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Pietermaritzburg, South Africa

Mchunu C.,Soil Fertility and Analytical Services | Chaplot V.,University of KwaZulu - Natal
Geoderma | Year: 2012

Worldwide concerns with global change and its effects on our future environment require an improved understanding of the impact of land cover changes on the global C cycle. Overgrazing causes a reduction in plant cover with accepted consequences on soil infiltration and soil erosion, yet the impact on the loss of soil organic carbon (SOC) and its associated processes remain unaccounted for. In this study performed in South Africa, our main objective was to evaluate the impact of plant cover reduction on (i) SOC erosion by water in both particulate (POC) and dissolved (DOC) forms, and (ii) soil CO 2 emissions to the atmosphere. The study performed under sandy-loam Acrisols investigated three proportions of soil surface coverage by plants (Cov), from 100% (Cov100) for the "non-degraded" treatment to 25-50% (Cov50) and 0-5% (Cov5). POC and DOC losses were evaluated using an artificial rainfall of 30mmh -1 applied for a period of 30min on bounded 1×1m 2 microplots (n=3 per treatment). CO 2 emissions from undisturbed soil samples (n=9) were evaluated continuously at the laboratory over a 6-month period. At the "non-degraded" treatment of Cov100, plant-C inputs to the soil profile were 1950±180gCm -2y -1 and SOC stocks in the 0-0.02m layer were 300.6±16.2gCm -2. While soil-C inputs by plants significantly (P<0.05 level) decreased by 38.5±3.5% at Cov50 and by 75.4±6.9% at Cov5, SOC, the losses by water erosion of 0.75gCm -2 at Cov100 increased from 66% at Cov50 (i.e. 3.76±1.8gCm -2) to a staggering 213% at Cov5 (i.e. 7.08±2.9gCm -2). These losses were for the most part in particulate form (from 88.0% for Cov100 to 98.7% for Cov5). Plant cover reduction significantly decreased both the cumulative C-CO 2 emissions (by 68% at Cov50 and 69% at Cov5) and the mineralization rate of the soil organic matter (from 0.039 gC-CO 2gC -1 at Cov100 to 0.031gC-CO 2gC -1 at Cov5). These results are expected to increase our understanding of the impact of land degradation on the global C cycle. Further in-situ research studies, however, need to investigate whether or not grassland degradation induces net C-emissions to the atmosphere. © 2012 Elsevier B.V.. Source


Chaplot V.,University Pierre and Marie Curie | Chaplot V.,University of KwaZulu - Natal | Abdalla K.,University of KwaZulu - Natal | Alexis M.,University Pierre and Marie Curie | And 11 more authors.
Agriculture, Ecosystems and Environment | Year: 2015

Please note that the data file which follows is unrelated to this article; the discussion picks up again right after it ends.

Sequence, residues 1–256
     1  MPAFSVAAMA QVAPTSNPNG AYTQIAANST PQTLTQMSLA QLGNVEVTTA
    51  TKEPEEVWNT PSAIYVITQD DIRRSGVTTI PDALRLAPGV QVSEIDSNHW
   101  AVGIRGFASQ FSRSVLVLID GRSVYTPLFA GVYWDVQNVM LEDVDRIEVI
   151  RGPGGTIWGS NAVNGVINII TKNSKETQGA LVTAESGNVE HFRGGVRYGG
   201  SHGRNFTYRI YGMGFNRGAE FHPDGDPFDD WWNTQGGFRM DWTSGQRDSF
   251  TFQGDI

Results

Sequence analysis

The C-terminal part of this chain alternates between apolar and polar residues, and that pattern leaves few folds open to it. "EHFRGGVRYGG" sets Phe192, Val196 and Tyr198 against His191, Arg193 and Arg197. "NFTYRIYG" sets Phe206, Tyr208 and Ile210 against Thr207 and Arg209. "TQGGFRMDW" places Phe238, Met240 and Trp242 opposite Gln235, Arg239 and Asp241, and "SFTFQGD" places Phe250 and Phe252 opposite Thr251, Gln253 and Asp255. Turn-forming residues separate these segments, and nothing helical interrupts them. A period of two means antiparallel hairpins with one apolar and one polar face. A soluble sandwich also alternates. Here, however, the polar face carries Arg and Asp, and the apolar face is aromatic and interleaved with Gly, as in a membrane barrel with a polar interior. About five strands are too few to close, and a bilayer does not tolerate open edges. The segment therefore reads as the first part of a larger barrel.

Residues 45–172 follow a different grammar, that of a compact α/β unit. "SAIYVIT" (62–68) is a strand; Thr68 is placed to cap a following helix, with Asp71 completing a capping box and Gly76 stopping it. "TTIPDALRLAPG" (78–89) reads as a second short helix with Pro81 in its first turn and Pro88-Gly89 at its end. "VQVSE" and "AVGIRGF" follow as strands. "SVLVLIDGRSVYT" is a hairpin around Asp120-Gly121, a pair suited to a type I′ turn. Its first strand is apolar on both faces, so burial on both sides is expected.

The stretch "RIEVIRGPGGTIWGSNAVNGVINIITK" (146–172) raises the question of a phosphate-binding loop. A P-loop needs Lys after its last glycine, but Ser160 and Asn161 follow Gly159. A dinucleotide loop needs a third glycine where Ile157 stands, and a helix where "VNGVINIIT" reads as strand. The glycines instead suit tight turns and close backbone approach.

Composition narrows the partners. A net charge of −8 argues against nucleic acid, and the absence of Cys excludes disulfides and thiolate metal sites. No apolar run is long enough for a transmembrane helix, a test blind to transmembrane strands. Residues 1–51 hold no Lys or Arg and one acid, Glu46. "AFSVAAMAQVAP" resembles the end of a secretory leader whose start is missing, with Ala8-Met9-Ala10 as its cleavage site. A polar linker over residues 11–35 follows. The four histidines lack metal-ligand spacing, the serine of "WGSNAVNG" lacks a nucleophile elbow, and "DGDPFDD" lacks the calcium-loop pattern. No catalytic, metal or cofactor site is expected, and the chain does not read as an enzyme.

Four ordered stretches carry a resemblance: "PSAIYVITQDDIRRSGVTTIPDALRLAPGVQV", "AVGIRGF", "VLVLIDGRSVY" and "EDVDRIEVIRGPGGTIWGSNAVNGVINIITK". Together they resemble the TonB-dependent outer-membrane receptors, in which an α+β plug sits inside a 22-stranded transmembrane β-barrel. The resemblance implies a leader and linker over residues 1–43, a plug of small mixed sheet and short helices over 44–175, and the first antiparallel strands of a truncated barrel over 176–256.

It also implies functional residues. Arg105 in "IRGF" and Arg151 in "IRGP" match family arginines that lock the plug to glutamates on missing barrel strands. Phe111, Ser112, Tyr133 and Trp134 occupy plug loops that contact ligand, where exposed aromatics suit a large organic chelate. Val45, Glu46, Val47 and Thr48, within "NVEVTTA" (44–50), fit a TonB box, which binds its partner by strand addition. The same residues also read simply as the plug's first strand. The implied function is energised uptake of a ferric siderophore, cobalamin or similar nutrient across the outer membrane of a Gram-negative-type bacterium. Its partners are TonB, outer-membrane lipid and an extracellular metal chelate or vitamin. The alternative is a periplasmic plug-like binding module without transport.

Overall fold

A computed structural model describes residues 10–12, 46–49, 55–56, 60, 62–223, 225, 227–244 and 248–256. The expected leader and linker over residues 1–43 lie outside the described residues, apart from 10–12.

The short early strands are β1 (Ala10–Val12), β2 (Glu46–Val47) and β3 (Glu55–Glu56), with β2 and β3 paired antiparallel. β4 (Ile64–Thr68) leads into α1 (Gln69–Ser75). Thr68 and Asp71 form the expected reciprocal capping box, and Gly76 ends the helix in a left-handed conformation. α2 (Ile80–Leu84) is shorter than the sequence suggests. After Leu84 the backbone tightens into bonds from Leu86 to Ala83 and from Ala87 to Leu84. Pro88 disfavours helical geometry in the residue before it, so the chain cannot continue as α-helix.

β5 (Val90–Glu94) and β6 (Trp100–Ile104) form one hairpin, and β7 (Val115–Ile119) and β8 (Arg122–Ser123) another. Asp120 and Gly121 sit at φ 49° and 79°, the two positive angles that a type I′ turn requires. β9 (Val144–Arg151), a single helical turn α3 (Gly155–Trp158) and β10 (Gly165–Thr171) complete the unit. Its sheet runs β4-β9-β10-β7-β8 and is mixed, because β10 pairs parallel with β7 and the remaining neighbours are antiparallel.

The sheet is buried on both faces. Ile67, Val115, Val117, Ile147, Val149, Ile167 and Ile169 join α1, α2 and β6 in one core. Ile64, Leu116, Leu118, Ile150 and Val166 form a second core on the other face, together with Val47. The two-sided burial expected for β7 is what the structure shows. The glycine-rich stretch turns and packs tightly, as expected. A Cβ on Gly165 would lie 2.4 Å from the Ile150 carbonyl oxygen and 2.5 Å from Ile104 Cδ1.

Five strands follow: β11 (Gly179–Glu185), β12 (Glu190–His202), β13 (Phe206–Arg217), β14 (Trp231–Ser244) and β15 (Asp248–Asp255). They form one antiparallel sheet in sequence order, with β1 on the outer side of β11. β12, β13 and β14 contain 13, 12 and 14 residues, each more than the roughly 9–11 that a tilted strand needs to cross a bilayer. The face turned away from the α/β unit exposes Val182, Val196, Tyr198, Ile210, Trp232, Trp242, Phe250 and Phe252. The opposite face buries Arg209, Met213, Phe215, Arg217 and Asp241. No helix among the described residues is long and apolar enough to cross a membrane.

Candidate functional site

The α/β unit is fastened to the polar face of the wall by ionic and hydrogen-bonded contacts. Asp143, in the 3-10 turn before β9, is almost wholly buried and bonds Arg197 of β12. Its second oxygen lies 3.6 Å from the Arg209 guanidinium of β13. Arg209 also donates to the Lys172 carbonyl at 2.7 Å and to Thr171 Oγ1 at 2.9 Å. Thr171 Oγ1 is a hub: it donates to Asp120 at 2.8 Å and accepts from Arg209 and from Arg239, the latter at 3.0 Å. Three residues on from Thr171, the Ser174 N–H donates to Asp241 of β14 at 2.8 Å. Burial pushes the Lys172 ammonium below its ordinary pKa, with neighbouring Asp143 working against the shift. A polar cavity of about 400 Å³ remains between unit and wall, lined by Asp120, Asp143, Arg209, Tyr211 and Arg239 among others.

The impact of agricultural practices on CO2 emissions from soils needs to be understood and quantified to enhance ecosystem functions, especially the ability of soils to sequester atmospheric carbon (C), while enhancing food and biomass production. The objective of this study was to assess CO2 emissions in the soil surface following tillage abandonment and to investigate some of the underlying soil physical, chemical and biological controls. Maize (Zea mays) was planted under conventional tillage (T) and no-tillage (NT), both without crop residues under smallholder farming conditions in Potshini, South Africa. Intact top-soil (0-0.05m) core samples (N=54) from three 5×15m2 plots per treatment were collected two years after conversion of T to NT to evaluate the short-term CO2 emissions. Depending on the treatment, cores were left intact, compacted by 5 and 10%, or had surface crusts removed. They were incubated for 20 days with measurements of CO2 fluxes twice a day during the first three days and once a day thereafter. Soil organic C (SOC) content, soil bulk density (ρb), aggregate stability, soil organic matter quality, and microbial biomass and its activity were evaluated at the onset of the incubation. CO2 emissions were 22% lower under NT compared with T with CO2 emissions of 0.9±0.10 vs 1.1±0.10mg C-CO2gC-1 day-1 under NT and T, respectively, suggesting greater SOC protection under NT. However, there were greater total CO2 emissions per unit of surface by 9% under NT compared to T (1.15±0.03 vs 1.05±0.04g C-CO2m-2 day-1). SOC protection significantly increased with the increase in soil bulk density (r=0.89) and aggregate stability (from 1.7±0.25mm to 2.3±0.31, r=0.50), and to the decrease in microbial biomass and its activity (r=-0.59 and -0.57, respectively). In contrast, the greater NT CO2 emissions per m2 were explained by top-soil enrichment in SOC by 48% (from 12.4±0.2 to 19.1±0.4gkg-1, r=0.59). These results on the soil controls of tillage impact on CO2 emissions are expected to inform on the required shifts in agricultural practices for enhancing C sequestration in soils. In the context of the study, any mechanism favoring aggregate stability and promoting SOC allocation deep in the soil profile rather than in the top-soil would greatly diminish soil CO2 outputs and thus stimulate C sequestration. © 2015. Source